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Video: How To Shave With The OneBlade Razor

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[Transcript of video] The OneBlade Genesis razor has some really interesting design elements.  On the one hand, it’s got a pivoting head like a modern cartridge razor.  And on the other hand it uses a single blade much like a classic safety razor.  But shaving with the OneBlade is a little different than shaving either a cartridge razor or a safety razor.  Here is how to more effectively shave with the Oneblade razor.[Note: OneBlade links are affiliate.]

Thoughts About The Pivot

The OneBlade Genesis is one of my favorite razors.  It’s pivot is one of its most interesting design points.  Much like a modern cartridge razor, the OneBlade Genesis razor head can help provide a more forgiving and consistent shave by accommodating areas that are not quite flat, like the jaw line.  Some shaving traditionalists don’t like the idea but I think it’s one of the few features of modern razors that make sense.

But the pivot can cause some confusion to someone new to using the OneBlade razor, both from the cartridge world and from the safety razor world.

Shave Lather

But before you use the OneBade, let’s talk about shave lather.  Since the OneBlade is a luxury razor you may have opted for an upgraded experience with traditional shave products that include a shaving brush and lathering shave cream.

If you’re used to a shaving foam out of a pressurized can or a shave gel from a tube you may be unfamiliar with traditional shave products.  If so you may be in for a treat.  Traditional lather products can not only perform better than foams and gels but can also give you a more luxurious experience with warm lather and great scents.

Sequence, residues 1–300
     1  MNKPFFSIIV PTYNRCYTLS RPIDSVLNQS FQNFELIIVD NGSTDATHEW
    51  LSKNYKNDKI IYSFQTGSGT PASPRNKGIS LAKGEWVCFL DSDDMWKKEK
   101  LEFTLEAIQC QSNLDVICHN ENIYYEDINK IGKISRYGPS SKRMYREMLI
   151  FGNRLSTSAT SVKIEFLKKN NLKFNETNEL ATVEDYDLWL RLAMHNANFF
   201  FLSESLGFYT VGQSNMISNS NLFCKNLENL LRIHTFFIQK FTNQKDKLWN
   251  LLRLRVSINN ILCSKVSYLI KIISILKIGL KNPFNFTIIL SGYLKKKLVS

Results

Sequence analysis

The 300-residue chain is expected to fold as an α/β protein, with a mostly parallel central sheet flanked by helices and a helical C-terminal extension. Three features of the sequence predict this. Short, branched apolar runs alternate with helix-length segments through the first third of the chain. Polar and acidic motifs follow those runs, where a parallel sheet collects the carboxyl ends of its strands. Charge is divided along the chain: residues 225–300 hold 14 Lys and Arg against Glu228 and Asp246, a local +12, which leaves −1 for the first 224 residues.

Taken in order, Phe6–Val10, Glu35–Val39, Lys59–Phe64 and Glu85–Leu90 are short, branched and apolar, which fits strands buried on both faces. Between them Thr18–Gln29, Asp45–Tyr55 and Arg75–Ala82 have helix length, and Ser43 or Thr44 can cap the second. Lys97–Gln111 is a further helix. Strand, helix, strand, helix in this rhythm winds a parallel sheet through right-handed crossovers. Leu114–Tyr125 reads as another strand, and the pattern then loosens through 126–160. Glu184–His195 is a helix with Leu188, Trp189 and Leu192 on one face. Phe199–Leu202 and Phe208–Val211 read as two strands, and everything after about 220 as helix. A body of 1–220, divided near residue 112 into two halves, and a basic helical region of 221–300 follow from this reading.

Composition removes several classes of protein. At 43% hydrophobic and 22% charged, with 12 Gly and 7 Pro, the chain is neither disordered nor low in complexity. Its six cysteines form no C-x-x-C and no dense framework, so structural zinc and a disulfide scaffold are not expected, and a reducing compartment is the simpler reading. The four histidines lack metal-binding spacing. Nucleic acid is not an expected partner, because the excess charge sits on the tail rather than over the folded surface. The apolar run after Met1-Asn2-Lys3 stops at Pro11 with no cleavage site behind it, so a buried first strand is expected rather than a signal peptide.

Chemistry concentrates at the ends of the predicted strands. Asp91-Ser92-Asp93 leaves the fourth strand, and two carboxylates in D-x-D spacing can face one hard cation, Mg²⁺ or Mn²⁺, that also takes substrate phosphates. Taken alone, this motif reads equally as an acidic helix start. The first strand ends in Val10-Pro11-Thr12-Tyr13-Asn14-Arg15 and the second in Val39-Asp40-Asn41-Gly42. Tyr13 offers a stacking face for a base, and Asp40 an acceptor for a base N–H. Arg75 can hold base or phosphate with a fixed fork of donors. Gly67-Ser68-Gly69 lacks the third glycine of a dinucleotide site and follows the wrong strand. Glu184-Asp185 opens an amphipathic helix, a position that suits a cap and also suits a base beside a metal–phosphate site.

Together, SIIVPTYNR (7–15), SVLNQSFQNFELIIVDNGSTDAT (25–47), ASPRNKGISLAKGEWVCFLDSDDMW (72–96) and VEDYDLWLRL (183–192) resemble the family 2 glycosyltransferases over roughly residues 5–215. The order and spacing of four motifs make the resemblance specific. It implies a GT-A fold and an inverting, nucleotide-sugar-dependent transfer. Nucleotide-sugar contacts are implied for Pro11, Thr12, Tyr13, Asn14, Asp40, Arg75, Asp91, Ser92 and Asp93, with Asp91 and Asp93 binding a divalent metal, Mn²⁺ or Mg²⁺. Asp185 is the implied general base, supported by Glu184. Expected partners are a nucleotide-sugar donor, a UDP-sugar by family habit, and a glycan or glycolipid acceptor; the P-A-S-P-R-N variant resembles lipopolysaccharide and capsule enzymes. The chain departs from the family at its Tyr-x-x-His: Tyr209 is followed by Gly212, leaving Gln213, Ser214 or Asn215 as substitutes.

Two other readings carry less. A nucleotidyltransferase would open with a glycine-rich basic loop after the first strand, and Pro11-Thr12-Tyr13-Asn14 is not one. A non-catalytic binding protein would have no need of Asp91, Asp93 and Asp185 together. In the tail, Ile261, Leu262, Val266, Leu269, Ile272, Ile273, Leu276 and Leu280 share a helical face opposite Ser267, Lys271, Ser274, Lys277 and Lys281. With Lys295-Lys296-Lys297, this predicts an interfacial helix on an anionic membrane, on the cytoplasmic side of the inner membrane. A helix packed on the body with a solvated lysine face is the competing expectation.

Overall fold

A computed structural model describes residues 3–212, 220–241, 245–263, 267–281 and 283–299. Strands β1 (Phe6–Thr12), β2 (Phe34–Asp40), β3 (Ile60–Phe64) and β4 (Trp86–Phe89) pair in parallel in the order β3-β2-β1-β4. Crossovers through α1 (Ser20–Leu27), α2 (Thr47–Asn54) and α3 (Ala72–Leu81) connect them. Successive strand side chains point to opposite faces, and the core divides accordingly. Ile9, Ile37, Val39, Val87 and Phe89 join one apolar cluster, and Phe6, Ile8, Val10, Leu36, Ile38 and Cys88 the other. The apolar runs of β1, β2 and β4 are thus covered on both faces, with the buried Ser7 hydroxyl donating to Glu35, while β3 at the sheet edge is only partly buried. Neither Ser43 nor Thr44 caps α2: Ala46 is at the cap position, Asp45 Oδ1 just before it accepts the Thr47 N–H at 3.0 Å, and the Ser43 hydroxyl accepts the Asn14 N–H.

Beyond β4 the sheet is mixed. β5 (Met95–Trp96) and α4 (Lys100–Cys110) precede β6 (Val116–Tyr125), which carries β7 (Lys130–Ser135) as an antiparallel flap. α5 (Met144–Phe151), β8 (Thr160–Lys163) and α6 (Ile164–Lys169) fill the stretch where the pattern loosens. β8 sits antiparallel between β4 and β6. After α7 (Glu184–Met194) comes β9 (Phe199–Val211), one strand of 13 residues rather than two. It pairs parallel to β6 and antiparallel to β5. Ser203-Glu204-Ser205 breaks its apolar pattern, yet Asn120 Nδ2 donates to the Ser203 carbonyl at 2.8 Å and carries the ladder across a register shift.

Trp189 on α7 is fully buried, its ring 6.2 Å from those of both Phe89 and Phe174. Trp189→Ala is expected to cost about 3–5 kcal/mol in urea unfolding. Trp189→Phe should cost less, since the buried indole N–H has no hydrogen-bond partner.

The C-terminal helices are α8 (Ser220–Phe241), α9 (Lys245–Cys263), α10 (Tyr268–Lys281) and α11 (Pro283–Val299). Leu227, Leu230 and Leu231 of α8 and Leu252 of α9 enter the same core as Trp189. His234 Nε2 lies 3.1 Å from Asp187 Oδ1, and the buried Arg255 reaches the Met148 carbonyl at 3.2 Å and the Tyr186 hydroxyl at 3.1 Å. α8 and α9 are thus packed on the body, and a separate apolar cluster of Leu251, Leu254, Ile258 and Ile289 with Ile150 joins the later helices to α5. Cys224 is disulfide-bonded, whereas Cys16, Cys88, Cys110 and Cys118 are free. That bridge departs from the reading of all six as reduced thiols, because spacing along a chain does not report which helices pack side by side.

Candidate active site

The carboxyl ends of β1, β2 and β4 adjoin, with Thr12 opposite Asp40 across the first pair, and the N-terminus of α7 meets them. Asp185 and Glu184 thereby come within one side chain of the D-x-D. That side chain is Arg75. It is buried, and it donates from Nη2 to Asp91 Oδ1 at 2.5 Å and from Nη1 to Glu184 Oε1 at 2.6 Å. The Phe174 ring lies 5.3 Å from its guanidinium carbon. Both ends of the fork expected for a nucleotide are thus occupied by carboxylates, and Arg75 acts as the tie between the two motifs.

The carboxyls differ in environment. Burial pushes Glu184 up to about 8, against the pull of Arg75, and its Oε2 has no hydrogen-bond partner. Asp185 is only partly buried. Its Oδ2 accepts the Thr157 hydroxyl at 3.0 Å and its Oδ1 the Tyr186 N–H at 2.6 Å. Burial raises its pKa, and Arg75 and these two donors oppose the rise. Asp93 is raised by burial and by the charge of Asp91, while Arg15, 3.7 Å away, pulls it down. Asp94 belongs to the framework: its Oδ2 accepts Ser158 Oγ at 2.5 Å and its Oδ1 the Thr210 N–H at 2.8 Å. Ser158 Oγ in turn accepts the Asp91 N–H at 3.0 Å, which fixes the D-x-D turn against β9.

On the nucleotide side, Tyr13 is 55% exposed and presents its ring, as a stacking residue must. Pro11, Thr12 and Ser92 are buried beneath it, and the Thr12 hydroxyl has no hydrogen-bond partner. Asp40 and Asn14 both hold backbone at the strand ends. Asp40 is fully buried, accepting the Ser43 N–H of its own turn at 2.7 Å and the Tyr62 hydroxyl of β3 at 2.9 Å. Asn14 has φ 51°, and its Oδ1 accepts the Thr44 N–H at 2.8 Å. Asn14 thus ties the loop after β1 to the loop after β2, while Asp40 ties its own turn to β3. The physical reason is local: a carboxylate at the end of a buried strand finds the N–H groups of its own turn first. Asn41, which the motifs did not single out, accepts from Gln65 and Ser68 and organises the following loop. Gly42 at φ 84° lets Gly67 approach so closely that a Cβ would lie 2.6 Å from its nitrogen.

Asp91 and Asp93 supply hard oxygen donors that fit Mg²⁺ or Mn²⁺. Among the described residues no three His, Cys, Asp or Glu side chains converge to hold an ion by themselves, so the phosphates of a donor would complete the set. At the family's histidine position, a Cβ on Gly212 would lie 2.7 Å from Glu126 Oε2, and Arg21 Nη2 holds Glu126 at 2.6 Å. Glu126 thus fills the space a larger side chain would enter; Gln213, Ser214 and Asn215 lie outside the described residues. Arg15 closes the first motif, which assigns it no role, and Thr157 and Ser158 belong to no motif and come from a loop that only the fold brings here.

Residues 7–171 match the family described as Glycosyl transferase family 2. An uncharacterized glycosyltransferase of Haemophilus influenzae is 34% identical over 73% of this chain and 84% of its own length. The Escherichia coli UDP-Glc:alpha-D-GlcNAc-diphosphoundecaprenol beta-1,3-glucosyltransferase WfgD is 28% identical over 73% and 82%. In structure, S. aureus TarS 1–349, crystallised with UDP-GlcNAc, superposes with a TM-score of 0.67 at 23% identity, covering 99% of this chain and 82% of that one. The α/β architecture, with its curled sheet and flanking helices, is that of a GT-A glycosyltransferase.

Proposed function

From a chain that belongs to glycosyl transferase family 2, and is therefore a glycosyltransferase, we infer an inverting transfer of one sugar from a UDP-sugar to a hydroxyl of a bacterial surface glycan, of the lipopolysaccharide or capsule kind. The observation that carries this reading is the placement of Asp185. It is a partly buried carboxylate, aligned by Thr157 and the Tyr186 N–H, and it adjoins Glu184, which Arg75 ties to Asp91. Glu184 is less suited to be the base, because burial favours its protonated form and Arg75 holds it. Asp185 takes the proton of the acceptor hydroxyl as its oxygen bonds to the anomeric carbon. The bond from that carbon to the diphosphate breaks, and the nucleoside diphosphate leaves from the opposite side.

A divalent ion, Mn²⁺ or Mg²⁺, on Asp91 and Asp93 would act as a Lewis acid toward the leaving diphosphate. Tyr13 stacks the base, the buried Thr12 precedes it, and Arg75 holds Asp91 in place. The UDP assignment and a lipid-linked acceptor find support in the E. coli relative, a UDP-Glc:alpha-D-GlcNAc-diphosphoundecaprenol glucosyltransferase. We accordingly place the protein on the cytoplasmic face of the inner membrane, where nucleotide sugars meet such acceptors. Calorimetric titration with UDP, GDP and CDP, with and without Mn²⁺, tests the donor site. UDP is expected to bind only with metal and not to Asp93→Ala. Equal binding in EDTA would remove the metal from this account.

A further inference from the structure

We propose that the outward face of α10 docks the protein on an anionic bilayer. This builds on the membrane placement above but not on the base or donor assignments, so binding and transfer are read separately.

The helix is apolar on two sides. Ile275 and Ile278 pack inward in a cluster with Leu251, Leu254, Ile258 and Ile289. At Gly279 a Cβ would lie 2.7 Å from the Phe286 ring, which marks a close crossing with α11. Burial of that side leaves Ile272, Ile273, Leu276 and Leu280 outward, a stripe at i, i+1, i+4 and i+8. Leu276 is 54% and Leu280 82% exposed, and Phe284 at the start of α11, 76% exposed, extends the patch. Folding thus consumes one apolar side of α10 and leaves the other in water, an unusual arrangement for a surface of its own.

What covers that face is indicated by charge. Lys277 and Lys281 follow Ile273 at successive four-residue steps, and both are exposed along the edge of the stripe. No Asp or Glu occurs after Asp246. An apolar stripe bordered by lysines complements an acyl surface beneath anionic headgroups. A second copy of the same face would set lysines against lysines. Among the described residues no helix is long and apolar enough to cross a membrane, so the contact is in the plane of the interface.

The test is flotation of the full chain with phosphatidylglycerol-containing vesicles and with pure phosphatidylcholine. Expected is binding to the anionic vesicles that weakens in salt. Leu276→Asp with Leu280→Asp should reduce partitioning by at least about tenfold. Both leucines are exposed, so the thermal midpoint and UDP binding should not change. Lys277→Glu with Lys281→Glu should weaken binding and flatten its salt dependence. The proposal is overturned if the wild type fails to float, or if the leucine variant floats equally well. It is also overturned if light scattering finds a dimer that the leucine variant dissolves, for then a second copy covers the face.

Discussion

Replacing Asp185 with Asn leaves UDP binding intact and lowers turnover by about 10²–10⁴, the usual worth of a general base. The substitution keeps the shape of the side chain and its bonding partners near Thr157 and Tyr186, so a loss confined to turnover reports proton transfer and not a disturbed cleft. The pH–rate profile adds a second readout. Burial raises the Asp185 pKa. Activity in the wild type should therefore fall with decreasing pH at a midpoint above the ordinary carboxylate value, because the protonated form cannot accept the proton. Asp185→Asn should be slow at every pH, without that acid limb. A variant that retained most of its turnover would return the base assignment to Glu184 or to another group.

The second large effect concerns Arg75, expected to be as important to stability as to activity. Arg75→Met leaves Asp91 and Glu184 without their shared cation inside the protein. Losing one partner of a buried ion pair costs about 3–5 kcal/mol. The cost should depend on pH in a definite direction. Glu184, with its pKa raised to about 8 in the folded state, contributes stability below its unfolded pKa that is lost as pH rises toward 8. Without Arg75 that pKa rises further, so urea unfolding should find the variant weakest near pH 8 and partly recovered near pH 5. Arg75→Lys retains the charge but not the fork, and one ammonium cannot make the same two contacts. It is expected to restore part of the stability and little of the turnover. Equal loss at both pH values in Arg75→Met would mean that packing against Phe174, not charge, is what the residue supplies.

The key to traditional lather is the shaving brush.  If you’ve never used a shaving brush before here are the basics.

Shaving brushes are usually made with animal hair so before using it for the first time it’s probably a good idea to give it a thorough cleaning to get rid of any residual coatings from the manufacturing process and also to remove any loose or cut hairs from the knot.  So massage in some water and pet shampoo, or you could even use a little shave cream, let it sit ten to fifteen minutes, then rinse thoroughly with warm water, gently wring out the excess water, towel dry, then list it sit out in the open overnight.  It should be ready to use the next day.


Building a lather with cream and brush isn’t difficult but it can take a few tries to do it right.  There are some variables involved, like the type of brush you’re using and the mineral content of the water, but here is one way to go.